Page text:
Posted By: KLKN Newsroom
WASHINGTON (AP) _ More children than ever got vaccinated against the flu last year, and health officials are urging families to do even better this time around.
A severe flu strain swept the country last winter, sparking a scramble for last-minute vaccinations. There's no way to predict if this year will be as bad. But protection requires a yearly vaccine, either a shot or nasal spray. The Centers for Disease Control and Prevention said Thursday it's time for people to start getting immunized.
Flu vaccine is recommended for nearly everyone ages 6 months and older. Yet just 45 percent of the population followed that advice last year. Flu is particularly risky for seniors and kids. Two-thirds of adults 65 and older, and nearly 57 percent of children, were vaccinated last year.
The Lincoln-Lancaster County Health Department says the vaccine is especially important for those at high risk of developing serious complications like pneumonia if they get the flu. Those include pregnant women, those age 65 and older, and those with certain medical conditions including asthma, diabetes, chronic lung disease and those who are immune compromised.
People who live with or care for others who at high risk of developing complications also should be vaccinated every year. This includes household contacts and caregivers of infants and people with medical conditions including asthma, diabetes and chronic lung disease.
The flu is a contagious respiratory illness caused by influenza viruses that infect the nose, throat and lungs. It can cause mild to severe illness, and can lead to death. There were two flu-related deaths in Lancaster County last flu season.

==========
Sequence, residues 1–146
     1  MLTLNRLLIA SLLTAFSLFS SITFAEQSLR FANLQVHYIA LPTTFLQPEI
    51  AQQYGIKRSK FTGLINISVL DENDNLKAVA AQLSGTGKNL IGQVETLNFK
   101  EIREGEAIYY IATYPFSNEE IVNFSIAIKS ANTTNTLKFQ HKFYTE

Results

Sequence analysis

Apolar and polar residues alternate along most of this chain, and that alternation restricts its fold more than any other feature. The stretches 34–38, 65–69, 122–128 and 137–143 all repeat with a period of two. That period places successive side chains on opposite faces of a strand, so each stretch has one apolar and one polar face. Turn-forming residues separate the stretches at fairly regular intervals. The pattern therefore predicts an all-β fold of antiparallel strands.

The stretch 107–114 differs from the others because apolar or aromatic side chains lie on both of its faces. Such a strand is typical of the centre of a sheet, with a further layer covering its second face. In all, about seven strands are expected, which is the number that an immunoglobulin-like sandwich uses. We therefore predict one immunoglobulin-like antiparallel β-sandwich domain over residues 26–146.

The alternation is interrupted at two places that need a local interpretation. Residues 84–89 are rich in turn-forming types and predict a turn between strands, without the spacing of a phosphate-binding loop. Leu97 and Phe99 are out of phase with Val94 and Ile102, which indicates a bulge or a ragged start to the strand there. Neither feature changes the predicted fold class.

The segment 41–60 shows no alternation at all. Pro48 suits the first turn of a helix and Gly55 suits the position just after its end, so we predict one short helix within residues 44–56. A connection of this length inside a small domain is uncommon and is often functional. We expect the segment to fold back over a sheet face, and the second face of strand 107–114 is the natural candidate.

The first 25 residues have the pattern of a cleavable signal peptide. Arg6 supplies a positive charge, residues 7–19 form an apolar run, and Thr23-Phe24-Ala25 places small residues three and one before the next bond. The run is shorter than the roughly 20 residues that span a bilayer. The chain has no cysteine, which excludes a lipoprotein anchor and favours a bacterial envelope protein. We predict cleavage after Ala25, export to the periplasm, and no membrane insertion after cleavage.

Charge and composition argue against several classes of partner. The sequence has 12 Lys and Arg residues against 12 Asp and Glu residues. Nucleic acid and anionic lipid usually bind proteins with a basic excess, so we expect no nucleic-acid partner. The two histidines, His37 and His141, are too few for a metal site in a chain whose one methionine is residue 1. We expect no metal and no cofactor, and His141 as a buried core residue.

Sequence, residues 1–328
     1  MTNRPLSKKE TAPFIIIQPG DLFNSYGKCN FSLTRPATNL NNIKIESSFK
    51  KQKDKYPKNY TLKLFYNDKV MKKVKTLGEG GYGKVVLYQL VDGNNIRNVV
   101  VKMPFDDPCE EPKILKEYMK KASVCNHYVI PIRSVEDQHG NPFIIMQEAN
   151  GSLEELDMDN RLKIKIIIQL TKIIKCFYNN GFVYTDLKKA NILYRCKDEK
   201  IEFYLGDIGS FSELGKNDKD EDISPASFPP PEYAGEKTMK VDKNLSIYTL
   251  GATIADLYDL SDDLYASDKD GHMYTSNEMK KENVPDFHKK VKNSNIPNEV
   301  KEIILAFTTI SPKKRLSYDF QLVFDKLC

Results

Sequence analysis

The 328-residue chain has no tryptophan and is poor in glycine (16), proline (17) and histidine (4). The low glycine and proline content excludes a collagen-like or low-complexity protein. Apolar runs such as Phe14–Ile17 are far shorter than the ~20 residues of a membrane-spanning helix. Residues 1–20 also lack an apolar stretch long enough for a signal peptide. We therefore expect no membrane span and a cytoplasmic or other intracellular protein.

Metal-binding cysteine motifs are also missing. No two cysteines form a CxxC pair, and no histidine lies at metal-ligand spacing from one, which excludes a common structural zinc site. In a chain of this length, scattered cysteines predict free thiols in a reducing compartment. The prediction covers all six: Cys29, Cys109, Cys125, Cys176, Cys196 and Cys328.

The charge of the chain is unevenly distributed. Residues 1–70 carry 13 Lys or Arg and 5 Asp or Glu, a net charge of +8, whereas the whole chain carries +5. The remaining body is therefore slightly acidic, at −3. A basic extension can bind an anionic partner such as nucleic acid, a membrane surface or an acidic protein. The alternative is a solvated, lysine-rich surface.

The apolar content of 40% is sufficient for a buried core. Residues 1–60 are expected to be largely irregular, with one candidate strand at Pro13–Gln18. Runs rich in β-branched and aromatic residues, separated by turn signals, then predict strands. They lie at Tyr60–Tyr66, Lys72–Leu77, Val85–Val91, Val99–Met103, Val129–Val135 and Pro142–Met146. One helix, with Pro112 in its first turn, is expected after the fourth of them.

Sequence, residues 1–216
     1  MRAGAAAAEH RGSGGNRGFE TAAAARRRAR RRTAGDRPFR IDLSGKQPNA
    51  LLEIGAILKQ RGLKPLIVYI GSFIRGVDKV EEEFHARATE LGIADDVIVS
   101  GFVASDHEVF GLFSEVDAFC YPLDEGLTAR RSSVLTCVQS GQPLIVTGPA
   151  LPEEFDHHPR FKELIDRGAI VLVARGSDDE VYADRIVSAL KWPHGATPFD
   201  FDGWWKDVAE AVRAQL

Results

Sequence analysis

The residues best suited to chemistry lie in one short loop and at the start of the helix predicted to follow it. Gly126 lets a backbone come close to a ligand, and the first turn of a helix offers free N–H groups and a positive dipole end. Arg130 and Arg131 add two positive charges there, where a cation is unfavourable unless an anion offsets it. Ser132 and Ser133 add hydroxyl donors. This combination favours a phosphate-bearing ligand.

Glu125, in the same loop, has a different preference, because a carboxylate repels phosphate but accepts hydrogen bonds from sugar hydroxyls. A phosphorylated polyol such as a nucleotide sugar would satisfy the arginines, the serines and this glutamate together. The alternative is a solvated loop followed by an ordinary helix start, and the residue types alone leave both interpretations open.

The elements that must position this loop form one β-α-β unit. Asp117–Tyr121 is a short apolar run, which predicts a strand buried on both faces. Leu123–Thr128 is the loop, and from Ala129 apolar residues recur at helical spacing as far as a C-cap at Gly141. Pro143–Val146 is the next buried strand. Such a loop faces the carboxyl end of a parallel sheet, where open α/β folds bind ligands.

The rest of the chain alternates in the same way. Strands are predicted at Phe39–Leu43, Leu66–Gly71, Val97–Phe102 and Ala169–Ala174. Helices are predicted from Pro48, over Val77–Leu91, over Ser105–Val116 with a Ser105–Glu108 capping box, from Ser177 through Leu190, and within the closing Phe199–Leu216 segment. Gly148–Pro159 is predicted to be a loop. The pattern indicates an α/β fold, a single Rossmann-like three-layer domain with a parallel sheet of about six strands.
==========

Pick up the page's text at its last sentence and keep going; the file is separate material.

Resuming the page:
Getting vaccinated each year provides the best protection against influenza. An annual flu vaccine is needed because flu viruses change constantly, and new flu viruses mayo appear each year. The flu vaccine is formulated each year to keep up with the flu viruses as they change. It takes about two weeks after vaccination for antibodies to develop in the body and provide protection.
The flu season typically runs from October through April, but it varies and can run into May. Flu activity commonly peaks in the U.S. in January or February.
LLCHD will provide flu vaccine to low-income, uninsured adults and certain uninsured children beginning September 30. To be eligible for a flu vaccine at LLCHD, children must be between the ages of 6 months through 18 years and meet one or more of these criteria:
• Have Medicaid coverage
• Have no health insurance or be under insured
• Be American Indian and/or Alaskan Native.
LLCHD requires appointments for flu vaccinations. For more information, call 402-441-8065 or visit lincoln.ne.gov (keyword: health).